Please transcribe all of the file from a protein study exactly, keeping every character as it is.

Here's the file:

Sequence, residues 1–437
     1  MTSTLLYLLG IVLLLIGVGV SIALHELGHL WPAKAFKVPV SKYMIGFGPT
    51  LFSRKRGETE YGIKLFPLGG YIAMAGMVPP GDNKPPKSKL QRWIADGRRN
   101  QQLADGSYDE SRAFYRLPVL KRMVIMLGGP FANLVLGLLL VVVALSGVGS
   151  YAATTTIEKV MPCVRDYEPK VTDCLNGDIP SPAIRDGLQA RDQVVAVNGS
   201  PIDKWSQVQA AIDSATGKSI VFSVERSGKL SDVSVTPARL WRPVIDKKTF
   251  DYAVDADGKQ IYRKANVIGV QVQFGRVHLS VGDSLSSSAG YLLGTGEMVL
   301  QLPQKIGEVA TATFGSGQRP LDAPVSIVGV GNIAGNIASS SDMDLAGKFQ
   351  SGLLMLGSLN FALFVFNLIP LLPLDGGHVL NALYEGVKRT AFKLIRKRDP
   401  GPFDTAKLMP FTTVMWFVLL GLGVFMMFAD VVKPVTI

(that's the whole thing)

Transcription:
Sequence, residues 1–437
     1  MTSTLLYLLG IVLLLIGVGV SIALHELGHL WPAKAFKVPV SKYMIGFGPT
    51  LFSRKRGETE YGIKLFPLGG YIAMAGMVPP GDNKPPKSKL QRWIADGRRN
   101  QQLADGSYDE SRAFYRLPVL KRMVIMLGGP FANLVLGLLL VVVALSGVGS
   151  YAATTTIEKV MPCVRDYEPK VTDCLNGDIP SPAIRDGLQA RDQVVAVNGS
   201  PIDKWSQVQA AIDSATGKSI VFSVERSGKL SDVSVTPARL WRPVIDKKTF
   251  DYAVDADGKQ IYRKANVIGV QVQFGRVHLS VGDSLSSSAG YLLGTGEMVL
   301  QLPQKIGEVA TATFGSGQRP LDAPVSIVGV GNIAGNIASS SDMDLAGKFQ
   351  SGLLMLGSLN FALFVFNLIP LLPLDGGHVL NALYEGVKRT AFKLIRKRDP
   401  GPFDTAKLMP FTTVMWFVLL GLGVFMMFAD VVKPVTI